U.S. drones have been a key tool in conflicts against insurgent organizations such as the Taliban and the Islamic State group, but Iran’s downing of one of the aircraft highlights their limitations against more sophisticated adversaries.
While drones offer the significant attraction of not putting American lives at risk and can stay aloft for more than a day, allowing for extended surveillance missions, they can be vulnerable to air defenses, are often expensive, and their loss can lead to sensitive hardware falling into the wrong hands.
American drones “are generally not stealthy; they are generally not aerodynamically impressive,” said Michael O’Hanlon, a senior fellow and director of research in foreign policy at the Brookings Institution. “I believe sophisticated air defenses will continue to have good chances to shoot down an aircraft like an RQ-4 whenever it is in position to do meaningful surveillance of their territories or other assets,” he said, referring to the type of drone brought down by Iran last week near the strategic Strait of Hormuz. But “it takes quite a bit to target an American military asset, and most countries won’t do it just because Iran seems to have ‘gotten away with it’ here,” O’Hanlon said, noting that punishing U.S. sanctions on the country mean it is not emerging unscathed.
“These drones were not, generally speaking, designed with contested airspace in mind,” said Arthur Holland Michel, co-director of the Center for the Study of the Drone at Bard College. “If you looked at the operational history of the RQ-4 Global Hawk, you’ll see that it generally avoids denied-airspace environments,” he said.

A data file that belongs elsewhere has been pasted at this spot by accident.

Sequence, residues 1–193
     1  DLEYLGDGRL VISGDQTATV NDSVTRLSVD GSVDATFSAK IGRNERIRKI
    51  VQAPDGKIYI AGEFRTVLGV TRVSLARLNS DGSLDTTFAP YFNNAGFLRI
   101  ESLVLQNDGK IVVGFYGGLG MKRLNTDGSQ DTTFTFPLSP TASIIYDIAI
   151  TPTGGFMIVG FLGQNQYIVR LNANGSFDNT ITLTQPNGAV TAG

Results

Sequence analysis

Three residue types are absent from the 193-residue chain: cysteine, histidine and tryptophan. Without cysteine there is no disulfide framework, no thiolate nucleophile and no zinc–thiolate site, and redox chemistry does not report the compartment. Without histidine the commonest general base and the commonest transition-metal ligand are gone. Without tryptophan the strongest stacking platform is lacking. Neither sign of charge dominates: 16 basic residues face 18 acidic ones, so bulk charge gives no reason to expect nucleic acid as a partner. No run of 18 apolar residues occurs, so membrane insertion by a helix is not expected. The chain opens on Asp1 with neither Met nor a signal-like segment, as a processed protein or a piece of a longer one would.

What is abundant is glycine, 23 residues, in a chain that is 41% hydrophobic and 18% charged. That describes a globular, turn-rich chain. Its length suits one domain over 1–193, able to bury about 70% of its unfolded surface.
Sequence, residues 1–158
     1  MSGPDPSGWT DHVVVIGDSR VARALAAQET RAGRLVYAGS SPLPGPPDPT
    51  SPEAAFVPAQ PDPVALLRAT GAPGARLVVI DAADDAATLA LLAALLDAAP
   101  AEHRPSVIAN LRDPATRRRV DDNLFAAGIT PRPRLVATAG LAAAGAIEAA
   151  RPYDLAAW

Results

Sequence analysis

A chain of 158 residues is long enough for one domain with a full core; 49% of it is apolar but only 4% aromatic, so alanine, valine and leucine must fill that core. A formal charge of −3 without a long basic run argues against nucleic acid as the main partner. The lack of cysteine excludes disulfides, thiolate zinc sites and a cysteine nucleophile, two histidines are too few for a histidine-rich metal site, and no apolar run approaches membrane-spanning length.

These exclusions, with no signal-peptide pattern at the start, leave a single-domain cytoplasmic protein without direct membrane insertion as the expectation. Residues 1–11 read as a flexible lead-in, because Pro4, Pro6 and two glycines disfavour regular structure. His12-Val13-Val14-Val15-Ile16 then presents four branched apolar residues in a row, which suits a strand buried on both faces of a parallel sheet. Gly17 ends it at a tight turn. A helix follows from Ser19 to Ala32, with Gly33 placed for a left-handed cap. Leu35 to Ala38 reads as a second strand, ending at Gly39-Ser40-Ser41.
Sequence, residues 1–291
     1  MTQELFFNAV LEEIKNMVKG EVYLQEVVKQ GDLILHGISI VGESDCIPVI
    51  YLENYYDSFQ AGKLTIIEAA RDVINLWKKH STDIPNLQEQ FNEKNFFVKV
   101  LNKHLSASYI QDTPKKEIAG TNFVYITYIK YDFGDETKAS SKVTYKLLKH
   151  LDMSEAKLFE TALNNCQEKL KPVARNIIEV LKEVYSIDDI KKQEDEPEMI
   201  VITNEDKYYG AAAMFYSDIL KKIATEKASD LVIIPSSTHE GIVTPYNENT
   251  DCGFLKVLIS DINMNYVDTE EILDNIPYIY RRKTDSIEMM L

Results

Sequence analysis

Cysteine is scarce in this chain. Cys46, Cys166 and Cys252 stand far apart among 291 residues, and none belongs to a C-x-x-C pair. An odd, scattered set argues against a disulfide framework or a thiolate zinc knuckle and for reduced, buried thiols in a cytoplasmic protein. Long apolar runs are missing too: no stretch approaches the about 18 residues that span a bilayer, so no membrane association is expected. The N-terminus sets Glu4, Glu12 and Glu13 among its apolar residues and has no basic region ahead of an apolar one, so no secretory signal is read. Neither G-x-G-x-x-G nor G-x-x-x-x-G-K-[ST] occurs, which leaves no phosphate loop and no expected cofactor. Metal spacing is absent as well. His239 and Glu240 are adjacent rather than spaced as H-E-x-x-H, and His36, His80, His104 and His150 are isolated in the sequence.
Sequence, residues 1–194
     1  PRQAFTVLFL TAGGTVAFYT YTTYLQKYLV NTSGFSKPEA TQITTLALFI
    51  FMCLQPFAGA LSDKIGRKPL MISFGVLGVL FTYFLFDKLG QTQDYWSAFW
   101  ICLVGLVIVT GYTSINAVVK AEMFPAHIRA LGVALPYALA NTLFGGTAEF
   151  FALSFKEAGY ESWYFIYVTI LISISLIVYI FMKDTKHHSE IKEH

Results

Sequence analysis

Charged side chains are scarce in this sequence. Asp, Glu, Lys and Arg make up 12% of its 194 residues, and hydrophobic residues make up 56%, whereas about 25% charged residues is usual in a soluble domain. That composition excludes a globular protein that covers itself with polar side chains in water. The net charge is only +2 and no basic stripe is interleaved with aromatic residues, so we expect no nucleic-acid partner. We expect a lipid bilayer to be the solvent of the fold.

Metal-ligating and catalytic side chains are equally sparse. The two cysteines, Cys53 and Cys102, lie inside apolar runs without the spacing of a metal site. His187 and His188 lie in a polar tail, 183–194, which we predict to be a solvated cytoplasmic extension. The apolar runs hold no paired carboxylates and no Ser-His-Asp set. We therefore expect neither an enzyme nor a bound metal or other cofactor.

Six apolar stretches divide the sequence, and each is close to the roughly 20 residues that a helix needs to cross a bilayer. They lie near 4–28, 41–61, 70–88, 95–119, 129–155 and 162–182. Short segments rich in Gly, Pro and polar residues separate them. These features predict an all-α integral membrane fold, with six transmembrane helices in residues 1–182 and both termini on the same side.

The U.S. military did not immediately respond to a request for comment on concerns over the vulnerability of drones to air defenses.
Holland Michel said that Predator drones had been shot down in the Balkans and Iraq, while a stealthy RQ-170 was lost over Iran in 2011, with Tehran claiming to have used it to build a copy of its own. “There are some possibilities for operating in contested airspace, but generally no, this is a system that if someone wants to shoot it down, they probably can,” he said.
But American drones have proved “tremendously important” in “counter-terrorism and counter-insurgency style operations,” Holland Michel said.
U.S. forces have used drones to gather intelligence, monitor enemy forces and watch battles and raids unfold in real-time in countries such as Iraq and Afghanistan. “They really showed their value in being able to track individual, moving targets persistently over extended periods of time,” he said.
The loss of the U.S. drone—coupled with attacks on tanker ships the U.S. has blamed on Iran—has seen already-high tensions between the two countries spike further, raising fears of an unintended slide toward conflict that both sides have said they want to avoid.
U.S. President Donald Trump ordered strikes on Iranian targets last week but said he called them off “10 minutes” before they were to have been launched, and Washington has now imposed sanctions on Iran’s supreme leader Ayatollah Ali Khamenei and a string of military leaders.
In the event of a war, U.S. drones might paradoxically be safer, O’Hanlon said. “In wartime, they would do better, especially higher-altitude ones, because we would presumably jam or destroy enemy radars. But not in peacetime,” he said.
The U.S. also has stealth drones active in its inventory: the RQ-170 and RQ-180, Holland Michel said. “If any U.S. drones were to play a part against Iran in a contested environment, those would be the two most likely contenders,” he said.
“They are designed with contested airspace in mind,” Holland Michel said, but have not been put to the test “against a truly sophisticated adversary yet, at least as far as is publicly known.”